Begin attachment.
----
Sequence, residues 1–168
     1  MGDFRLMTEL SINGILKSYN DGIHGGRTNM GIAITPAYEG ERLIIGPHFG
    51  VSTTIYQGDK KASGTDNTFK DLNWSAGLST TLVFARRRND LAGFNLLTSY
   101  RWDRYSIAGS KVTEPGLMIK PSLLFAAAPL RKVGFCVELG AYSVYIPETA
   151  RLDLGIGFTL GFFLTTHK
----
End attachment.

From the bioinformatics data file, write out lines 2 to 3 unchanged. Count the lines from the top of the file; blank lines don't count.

     1  MGDFRLMTEL SINGILKSYN DGIHGGRTNM GIAITPAYEG ERLIIGPHFG
    51  VSTTIYQGDK KASGTDNTFK DLNWSAGLST TLVFARRRND LAGFNLLTSY